You can also include quotes and statistics, and even infographics, as we did in 50 Self-Coaching Questions to Help You Find Your Passion on Live Bold and Bloom. (This appears to be on it’s way to going viral.)
If you’re overwhelmed by all the writing you have to do, remember that every post doesn’t have to be meaty. Provide value where you can, but don’t be afraid to add some variety as well.
What kind of posts tend to be viral?
Creating viral content? The secret is get contagious… by Derek Halpern is a great place to start, if you are looking to create content that will go viral. In general, content that goes viral tends to be positive rather than negative; something that arouses the emotions (such as How to Recognize the 8 Signs of Emotional Manipulation); and useful and practical, with a call to action at the end.
A few other factors include length (3,000- to 10,000-word pieces tend to get shared more, so try to write one long post per month, and remember that long posts can be repurposed); images (these are always popular); and humor/happiness (shared more than negative posts). Furthermore, 8 of the top 10 posts in the past 8 months were quizzes, which appeal to readers because they fuel our identities and egos. Check out Playbuzz.com for more on quizzes.
The six types of posts that are most often shared include lists, infographics, how-to articles, posts that start with the word “what,” posts that start with the word “why,” and videos.
Check out How to Go Viral: Lessons from the Most Shared Content of 2015 by Buzzsumo for more ideas.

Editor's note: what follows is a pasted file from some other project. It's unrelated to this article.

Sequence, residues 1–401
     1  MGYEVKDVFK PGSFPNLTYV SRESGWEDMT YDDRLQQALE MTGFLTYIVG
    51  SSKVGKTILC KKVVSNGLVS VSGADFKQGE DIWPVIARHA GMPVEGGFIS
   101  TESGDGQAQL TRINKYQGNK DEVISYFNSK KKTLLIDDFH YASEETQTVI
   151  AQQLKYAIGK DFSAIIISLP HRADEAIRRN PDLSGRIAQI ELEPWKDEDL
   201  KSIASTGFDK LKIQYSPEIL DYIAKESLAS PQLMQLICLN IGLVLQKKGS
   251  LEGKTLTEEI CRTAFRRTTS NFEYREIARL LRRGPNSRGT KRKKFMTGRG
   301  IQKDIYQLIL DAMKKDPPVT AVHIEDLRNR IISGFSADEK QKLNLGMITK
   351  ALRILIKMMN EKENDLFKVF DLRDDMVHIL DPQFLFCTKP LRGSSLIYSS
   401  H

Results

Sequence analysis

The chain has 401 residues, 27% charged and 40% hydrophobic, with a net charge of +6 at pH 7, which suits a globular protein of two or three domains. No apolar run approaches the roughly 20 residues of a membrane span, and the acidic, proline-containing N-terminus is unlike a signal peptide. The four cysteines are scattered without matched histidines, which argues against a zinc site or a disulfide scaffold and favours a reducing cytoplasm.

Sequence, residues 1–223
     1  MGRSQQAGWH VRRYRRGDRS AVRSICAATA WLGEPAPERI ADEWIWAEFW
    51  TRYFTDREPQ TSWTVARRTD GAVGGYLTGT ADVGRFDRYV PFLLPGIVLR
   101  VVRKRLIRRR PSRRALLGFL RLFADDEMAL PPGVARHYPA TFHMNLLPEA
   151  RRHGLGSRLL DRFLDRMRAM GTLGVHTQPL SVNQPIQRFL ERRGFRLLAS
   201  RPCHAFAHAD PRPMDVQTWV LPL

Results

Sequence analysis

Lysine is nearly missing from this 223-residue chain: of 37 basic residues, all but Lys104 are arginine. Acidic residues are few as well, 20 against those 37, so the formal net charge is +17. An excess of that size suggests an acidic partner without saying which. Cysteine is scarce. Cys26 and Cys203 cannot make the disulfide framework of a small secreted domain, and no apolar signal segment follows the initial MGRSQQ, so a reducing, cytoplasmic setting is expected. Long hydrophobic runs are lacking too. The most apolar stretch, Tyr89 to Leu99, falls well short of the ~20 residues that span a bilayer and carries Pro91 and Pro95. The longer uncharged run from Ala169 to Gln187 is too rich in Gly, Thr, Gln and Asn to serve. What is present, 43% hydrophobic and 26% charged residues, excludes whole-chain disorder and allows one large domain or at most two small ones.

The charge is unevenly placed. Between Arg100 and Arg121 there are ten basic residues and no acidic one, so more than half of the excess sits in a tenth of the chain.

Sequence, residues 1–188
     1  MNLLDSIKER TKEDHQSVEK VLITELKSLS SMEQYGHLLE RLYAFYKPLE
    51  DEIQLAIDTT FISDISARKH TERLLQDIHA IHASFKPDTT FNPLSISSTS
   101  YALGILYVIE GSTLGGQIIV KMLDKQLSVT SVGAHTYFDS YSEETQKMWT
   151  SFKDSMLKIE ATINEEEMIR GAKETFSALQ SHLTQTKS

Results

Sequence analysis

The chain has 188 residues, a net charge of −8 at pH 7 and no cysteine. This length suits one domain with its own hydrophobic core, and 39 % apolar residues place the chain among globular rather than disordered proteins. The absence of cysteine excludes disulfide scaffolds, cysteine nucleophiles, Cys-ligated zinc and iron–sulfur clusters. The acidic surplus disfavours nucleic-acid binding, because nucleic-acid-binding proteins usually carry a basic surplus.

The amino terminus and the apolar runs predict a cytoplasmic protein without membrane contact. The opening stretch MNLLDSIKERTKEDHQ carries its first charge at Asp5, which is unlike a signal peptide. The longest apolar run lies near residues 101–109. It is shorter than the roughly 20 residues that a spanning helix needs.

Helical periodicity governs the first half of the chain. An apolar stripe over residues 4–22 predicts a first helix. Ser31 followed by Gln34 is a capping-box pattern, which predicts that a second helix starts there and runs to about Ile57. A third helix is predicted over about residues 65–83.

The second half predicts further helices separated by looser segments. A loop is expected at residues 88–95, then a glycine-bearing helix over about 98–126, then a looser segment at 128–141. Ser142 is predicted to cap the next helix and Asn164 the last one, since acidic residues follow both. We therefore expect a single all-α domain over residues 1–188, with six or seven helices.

When creating your post, add a byline at the beginning and a small author bio at the end. Try to find influencers to share your posts, as that will help them go viral. Also, try to write evergreen content, so that your posts don’t pass an expiration date and become irrelevant. And remember that the best days to share your content is on Mondays and Tuesdays.
If you are having writer’s blank, consider extrapolating a chapter from your book and turning it into a post, or making a list or an infographic out of one of your chapters.
How do you format your content?
It is important to make your post scannable, so as not to lose readers. At the beginning, do one-sentence paragraphs to hook people in. Add bold headlines and statements to grab the readers’ attention. Use bullet points and lists, as these are easily and quickly digestible. Add quotes to give your post credibility, and add images and graphics within the body, especially if the post is long. Finally, use Click-to-Tweet so that your posts are easily shareable.
How about promotion of blog posts?
Promoting your posts is all about leveraging social media. Use Facebook and boost your content when you can. With Twitter, schedule tweets throughout the day to get in front of more people. Also consider using LinkedIn, Instagram, and Pinterest. And always try to leverage your connections with influencers. Even if you can’t contact influencers, you can always ask other bloggers. The more people you have sharing your content, the more likely it is to get in front of a bigger audience.
That’s all for this week. Grab the AP Checklist and get started on your book!